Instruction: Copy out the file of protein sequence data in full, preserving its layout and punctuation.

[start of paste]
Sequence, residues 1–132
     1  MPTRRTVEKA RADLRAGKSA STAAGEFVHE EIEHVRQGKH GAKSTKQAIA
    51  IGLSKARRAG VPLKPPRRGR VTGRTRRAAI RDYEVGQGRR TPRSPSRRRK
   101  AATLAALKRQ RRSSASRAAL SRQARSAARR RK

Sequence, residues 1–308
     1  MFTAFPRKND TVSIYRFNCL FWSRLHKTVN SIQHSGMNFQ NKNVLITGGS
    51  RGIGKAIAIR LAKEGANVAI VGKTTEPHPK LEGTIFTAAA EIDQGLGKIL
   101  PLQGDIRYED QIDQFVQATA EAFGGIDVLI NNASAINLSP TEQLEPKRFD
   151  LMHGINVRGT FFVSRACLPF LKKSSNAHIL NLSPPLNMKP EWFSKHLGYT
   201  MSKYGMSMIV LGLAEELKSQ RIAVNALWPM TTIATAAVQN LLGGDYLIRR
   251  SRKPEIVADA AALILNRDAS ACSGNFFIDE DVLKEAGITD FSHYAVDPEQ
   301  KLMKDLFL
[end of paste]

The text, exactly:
Sequence, residues 1–132
     1  MPTRRTVEKA RADLRAGKSA STAAGEFVHE EIEHVRQGKH GAKSTKQAIA
    51  IGLSKARRAG VPLKPPRRGR VTGRTRRAAI RDYEVGQGRR TPRSPSRRRK
   101  AATLAALKRQ RRSSASRAAL SRQARSAARR RK

Sequence, residues 1–308
     1  MFTAFPRKND TVSIYRFNCL FWSRLHKTVN SIQHSGMNFQ NKNVLITGGS
    51  RGIGKAIAIR LAKEGANVAI VGKTTEPHPK LEGTIFTAAA EIDQGLGKIL
   101  PLQGDIRYED QIDQFVQATA EAFGGIDVLI NNASAINLSP TEQLEPKRFD
   151  LMHGINVRGT FFVSRACLPF LKKSSNAHIL NLSPPLNMKP EWFSKHLGYT
   201  MSKYGMSMIV LGLAEELKSQ RIAVNALWPM TTIATAAVQN LLGGDYLIRR
   251  SRKPEIVADA AALILNRDAS ACSGNFFIDE DVLKEAGITD FSHYAVDPEQ
   301  KLMKDLFL